Stereotypes drive me crazy. It’s so easy to say — Americans eat burgers and steaks and Germans eat sauerkraut and brats. So when my friends elected me to be their travel guide for a two-week trip to Germany, I was glad to finally put this myth to rest — at least with them. Don’t get me wrong, I like sauerkraut and I even cook it once in a while. But not the way we eat it in the U.S., right out of the can to pucker your mouth from a foot away.
Our first stop took us to the Black Forest, its wealth of wild game represented in its dishes. You’ll find all types of venison concoctions, ragouts and roasts of wild boar, deer and Hirsch,
the male deer, also rabbit, hare and wild trout. Accompany that with Spaetzle, a thick oddly shaped noodle, ideally suited to sop up gravies, and variations of potatoes, like Kroketten, mashed potatoes shaped into roles and deep-fried, and you’ll have an assortment of mouthwatering dishes, topped only by the real Black Forest torte.
Wait a minute, you say. I have eaten Black Forest cake from the local grocer. Not really. The original black forest torte cannot be compared with anything being baked or should I say faked in the U.S. The cake is made with Black Forest cherries, a small variety of sour cherries only grown in the region and Kirschwasser, a clear, high octane, unsweetened schnapps, distilled from the same cherries. Add to that chocolate cake, covered with chocolate, mountains of whipped cream and more chocolate sprinkles and you get a Black Forest paradise, even a full stomach can’t resist.
Deeply set between steep hills, the Mosel meanders in snaking loops toward the Rhine. Two-thousand years ago, the Romans settled here to enjoy hot springs and teach locals how to grow wine. Hundreds of family businesses still compete with a few large producers to grow Riesling, Mueller-Thurgau and the occasional pinot, each with their own interpretation, designs and crazy names like Kroever Nacktarsch or Bernkasteler Doktor. No meal is complete without trying the house wine. On the menu, a cornucopia of pastas with meat, rump steak with green pepper sauce, more venison dishes, potato cakes and vegetables. No sauerkraut. Not one dish. Not even cooked cabbage.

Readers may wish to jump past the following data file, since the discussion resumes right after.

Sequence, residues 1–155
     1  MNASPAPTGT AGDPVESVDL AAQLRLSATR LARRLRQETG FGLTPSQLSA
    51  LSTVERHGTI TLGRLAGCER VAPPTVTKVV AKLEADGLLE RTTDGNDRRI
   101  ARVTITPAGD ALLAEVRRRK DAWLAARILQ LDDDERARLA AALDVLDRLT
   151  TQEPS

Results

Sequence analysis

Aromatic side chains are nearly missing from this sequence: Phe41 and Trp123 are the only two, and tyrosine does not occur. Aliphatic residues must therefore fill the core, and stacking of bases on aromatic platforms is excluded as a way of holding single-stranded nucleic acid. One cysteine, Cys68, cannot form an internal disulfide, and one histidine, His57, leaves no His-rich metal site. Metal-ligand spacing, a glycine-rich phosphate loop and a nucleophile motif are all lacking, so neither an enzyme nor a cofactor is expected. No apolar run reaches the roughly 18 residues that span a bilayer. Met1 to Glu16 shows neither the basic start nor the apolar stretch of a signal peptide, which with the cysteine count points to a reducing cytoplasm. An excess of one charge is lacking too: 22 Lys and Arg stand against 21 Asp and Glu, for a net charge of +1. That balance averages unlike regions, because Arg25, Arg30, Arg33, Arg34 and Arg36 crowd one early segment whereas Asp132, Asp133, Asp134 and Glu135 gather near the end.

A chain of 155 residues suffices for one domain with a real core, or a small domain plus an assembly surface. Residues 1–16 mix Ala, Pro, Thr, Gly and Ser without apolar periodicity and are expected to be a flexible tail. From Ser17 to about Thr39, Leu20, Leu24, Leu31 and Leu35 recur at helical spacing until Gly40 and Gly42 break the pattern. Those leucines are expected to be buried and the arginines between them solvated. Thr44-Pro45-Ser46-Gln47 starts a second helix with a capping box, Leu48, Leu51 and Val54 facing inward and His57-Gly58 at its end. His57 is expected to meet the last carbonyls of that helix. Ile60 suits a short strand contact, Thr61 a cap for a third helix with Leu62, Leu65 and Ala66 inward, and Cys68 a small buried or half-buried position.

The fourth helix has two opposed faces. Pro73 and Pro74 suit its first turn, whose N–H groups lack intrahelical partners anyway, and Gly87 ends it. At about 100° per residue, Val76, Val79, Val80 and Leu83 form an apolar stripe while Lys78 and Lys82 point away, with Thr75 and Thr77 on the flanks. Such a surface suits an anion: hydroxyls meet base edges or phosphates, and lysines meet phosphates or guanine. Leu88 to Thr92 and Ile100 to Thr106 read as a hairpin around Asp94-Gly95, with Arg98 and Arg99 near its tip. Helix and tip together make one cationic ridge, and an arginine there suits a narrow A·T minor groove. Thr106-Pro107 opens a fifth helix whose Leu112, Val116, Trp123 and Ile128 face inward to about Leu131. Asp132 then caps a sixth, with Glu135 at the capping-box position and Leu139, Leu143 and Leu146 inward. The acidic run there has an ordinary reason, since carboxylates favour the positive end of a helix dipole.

Instead we found separate asparagus menus, German restaurants offer during May and June. Compared to our green asparagus, the European variety is white and much thicker. Peeled and steamed in salt water, it tastes milder than its American cousin and is typically offered with boiled potatoes, accompanied by smoked or cooked ham, schnitzel — yes, I was going to mention them — and of course the queen of sauces, hollandaise.
The majority of German towns offer regional or citywide specialties, and the Mid-Rhine Region, including Cologne, Duesseldorf, Solingen and Krefeld is no exception. In Cologne you can order a “Halve Hahn” which translated means half a rooster, except that it has nothing to do with meat. Can you guess? It’s a bread roll with Gouda cheese. Another staple on most menus is the lowly herring. While we may be familiar with the sour herring, the virgin
herring, called Matjes, tastes mild and melts in your mouth. It is served plain with onion rings, mixed with cream or chopped with apples in herring salad and accompanied by potatoes. We still didn’t find sauerkraut.
Traveling around Lake Constance, or the Bodensee, in the southwestern corner of Germany, we came across the famous Bodensee Felchen, a lake trout, fried in butter and lemon, smoked or boiled “blue.” We found — like most places in Germany — Schnitzel variations, either made with traditional pork tenderloin or veal, breaded and fried, combined with toppings, including plain with a wedge of lemon, hunter-style with mushroom sauce, Hungarian with red or green peppers or baked with spinach and cheese. Or topped with a fried egg as a snack for in-between. Thanks to Germany’s Italian neighbors, we enjoyed baked tortellini with chicken in cream sauce, spaghetti with vegetable and cheese toppings. Most places even offered a
handful of vegetarian dishes like roasted vegetables with baked Gouda or baked brie with Preiselbeeren, tiny red berries that taste similar to cranberries. And there were always salad platters with and without meat. Still no sauerkraut.
Germans love cheeses and meats, maybe, because they are close to France and Holland where cheese-making has a long tradition or maybe because of the thousands of butchers that craft the most savory lunch meats and smoked sausages. Okay, here I finally get to the brats. Yes, you will find them everywhere and their variety is staggering. Smoked or fresh, made from pork, chicken, horse (sorry) or beef, sausages are a main ingredient in many dishes, not as much for main courses, but breakfasts and Brotzeit or
Vesper, the in-between afternoon meals for lighter appetites.
But of course, Germans must eat sauerkraut. Somewhere. That’s correct, I have to admit. Though we didn’t visit all sixteen German states, I know, sauerkraut is prevalent in Bavaria. Most other places rarely consider it a restaurant-worthy dish.
My American friends were convinced. But they still want to eat my sauerkraut.